Super Smash Bros. Melee

Super Smash Bros. Melee

I remember the first time I played Smash Bros. I was at block buster and saw it on the N64 rental shelf. Even though I read a lot of gaming magazines like NMS, Hyper and N64 Gamer, I’m pretty sure it had slipped under my radar. The box art was enough to sell it, Kirby, Link, Samus, Mario and Pikachu all in the same game? How could a Nintendo fanboy resist. I took it home, turned on the 64 and fell in love. Fighting games had always been an interest, but I’d never been able to master quarter circles and move lists. Smash Bros. simplified all of this to holding a direction while pressing a button to execute special moves. You could play any character and never once have to stop find out how to do their moves. It was truly accessible and a whole lot of fun. For the next couple of years all my friends and I needed was a 64, four controllers, GoldenEye and Smash Bros and we were set for the night. By the time the GameCube rolled around I’d largely moved on to PC Games, and didn’t get my hands onto the sequel, Super Smash Bros. Melee, until I changed schools and met Adam.

Adam had it all. A GameCube, Four Controllers, a Memory Card 251, and Super Smash Bros. Melee.

Melee such an incredible improvement on the original. Smoother gameplay, cleaner visuals, and a mountain of content. The depth was there to really dig in and get “really good” at the game, but it was still just as easy to pick up and play as ever and we were never short of people to fill players three and four.

The next five years were full of Smash. Casual play with friends, competitive 1v1 (4 stock, no items, final destination), learning about WaveDashing, ignoring WaveDashing, losing to Bryce (fuck you Bryce), more casual 4v4s, more competetive 1v1s and so on.

Marth, a character from a  long running Japanese only series called Fire Emblem (what the hell is that?), was my favourite character at first, largely because I saw how good Adam was with him (let’s be honest though Adam, that damn electric rat was your best fighter), but then I found my own feet with Zelda’s alter-ego Sheik. Sheik was essentially Nintendo’s Spiderman equivalent. Slender, nimble, could jump high and had a killer FORWARD-A punch whilst in the air. Captain Falcon deserves a mention for his majestic knee.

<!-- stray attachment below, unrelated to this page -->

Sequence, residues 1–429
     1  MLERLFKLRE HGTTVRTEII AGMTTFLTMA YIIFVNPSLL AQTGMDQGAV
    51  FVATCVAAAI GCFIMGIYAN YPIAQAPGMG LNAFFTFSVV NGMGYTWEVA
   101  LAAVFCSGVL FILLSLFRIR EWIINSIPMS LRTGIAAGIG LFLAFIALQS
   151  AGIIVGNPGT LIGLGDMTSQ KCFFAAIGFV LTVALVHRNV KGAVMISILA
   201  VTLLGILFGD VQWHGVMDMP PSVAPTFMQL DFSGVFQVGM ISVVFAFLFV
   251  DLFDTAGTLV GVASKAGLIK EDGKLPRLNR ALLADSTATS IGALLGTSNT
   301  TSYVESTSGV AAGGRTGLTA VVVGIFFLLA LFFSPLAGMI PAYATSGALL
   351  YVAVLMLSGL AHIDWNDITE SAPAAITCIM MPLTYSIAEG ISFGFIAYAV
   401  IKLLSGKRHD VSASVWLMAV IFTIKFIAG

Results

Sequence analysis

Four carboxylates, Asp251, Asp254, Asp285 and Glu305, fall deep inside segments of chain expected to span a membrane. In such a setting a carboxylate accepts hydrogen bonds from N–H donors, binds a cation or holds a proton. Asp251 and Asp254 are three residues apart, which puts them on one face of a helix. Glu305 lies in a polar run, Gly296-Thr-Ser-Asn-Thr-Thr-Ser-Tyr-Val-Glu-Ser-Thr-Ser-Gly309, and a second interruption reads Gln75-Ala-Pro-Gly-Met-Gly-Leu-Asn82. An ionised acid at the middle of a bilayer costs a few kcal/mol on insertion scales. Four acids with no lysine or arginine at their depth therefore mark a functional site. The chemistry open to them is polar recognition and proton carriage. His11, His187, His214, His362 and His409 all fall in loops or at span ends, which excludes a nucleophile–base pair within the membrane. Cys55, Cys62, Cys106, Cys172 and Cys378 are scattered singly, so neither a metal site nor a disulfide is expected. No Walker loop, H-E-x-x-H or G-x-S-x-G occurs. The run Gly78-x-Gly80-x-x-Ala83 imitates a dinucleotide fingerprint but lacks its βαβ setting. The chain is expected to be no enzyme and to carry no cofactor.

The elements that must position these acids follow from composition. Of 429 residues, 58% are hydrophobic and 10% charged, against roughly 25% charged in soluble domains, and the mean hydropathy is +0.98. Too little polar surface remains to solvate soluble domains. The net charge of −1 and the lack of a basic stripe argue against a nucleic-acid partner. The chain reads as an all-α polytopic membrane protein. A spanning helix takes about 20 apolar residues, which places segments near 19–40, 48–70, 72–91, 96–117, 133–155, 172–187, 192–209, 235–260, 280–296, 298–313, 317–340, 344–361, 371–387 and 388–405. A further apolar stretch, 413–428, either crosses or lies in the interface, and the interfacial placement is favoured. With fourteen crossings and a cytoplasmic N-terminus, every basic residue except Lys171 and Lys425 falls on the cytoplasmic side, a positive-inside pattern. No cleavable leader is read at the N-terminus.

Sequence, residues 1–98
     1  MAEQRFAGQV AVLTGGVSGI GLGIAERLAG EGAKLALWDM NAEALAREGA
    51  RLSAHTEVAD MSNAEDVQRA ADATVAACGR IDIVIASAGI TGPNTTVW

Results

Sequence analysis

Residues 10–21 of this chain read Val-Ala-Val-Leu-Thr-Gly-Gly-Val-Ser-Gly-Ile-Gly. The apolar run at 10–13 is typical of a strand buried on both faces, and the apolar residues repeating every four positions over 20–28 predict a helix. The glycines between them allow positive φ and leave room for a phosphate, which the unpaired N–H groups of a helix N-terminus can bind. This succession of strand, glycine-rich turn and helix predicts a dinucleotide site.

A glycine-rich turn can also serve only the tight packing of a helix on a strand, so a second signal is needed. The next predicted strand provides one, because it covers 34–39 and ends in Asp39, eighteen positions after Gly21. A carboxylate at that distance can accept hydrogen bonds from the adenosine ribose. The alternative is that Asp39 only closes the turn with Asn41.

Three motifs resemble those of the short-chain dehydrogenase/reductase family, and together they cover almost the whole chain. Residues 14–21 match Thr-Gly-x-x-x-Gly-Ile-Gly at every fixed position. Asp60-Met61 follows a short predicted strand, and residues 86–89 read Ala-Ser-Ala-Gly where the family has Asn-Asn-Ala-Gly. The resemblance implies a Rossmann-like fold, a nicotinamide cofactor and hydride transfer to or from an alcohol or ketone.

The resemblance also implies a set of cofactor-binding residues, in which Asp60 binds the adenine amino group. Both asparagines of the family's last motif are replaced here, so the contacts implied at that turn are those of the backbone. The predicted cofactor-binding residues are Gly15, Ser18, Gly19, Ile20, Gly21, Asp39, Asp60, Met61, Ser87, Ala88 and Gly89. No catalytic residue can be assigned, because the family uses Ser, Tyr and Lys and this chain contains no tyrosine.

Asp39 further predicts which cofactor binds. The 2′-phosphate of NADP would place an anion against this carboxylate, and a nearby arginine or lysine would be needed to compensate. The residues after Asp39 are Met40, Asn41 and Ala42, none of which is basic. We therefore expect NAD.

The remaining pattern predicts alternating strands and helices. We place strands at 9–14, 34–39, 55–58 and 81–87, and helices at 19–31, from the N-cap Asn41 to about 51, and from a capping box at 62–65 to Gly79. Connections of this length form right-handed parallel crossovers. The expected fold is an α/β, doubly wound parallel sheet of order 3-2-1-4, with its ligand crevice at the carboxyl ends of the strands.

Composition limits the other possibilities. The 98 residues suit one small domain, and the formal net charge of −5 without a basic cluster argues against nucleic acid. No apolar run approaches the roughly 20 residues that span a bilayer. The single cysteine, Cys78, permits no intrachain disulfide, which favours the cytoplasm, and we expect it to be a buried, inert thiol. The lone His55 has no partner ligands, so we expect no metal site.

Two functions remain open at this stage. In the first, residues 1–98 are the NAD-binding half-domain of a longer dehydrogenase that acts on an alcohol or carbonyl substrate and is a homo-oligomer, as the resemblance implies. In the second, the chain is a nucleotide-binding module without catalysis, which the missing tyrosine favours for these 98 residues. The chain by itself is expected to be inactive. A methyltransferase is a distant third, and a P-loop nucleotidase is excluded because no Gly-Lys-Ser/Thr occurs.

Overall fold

Now, it’s safe to say that when Nintendo started their PR campaign for the next sequel, Brawl, they had my attention. I remember Nintendo ran a blog, which they updated every day in the lead up to launch with a post about something from the new game. Usually it was a write up about an item, but SOMETIMES it was a character announcement and you better believe I checked that thing every damn day. Finally I got my hands on the Japanese release (January 2008), unlocking every character and stage as quickly as possible. Finding “Toon Link” in the game might have been my favourite surprise. Then came the US release (March), where we got to do it all again.

Brawl was met with mixed feelings by the competitive community. It was a slower game, and a lot of the tricks people had mastered over the last 6 years with Melee didn’t work anymore. The stages and items were also largely designed to level the playing field, which again alienated the “pros”. Personally I didn’t find the slower speed to be too much of a negative, and the positives played too well into Brawl’s favour. Widescreen support, More (new) Characters, and an Animal Crossing stage (that even featured Totakeke on Saturday nights!) were too good to ignore.

Having said all of that though, Brawl certainly didn’t hold my attention as well as Melee did. Though I think that’s largely due to life than any fault of the game. In 2009 I moved interstate, away from Adam, my long term Super Smash Brother, and just haven’t played much since.

Now it’s 2013, Nintendo have a new console, they’ve announced a new Smash Bros is on the way for it and E3 is just around the corner. Here’s hoping it lives up to the legacy.


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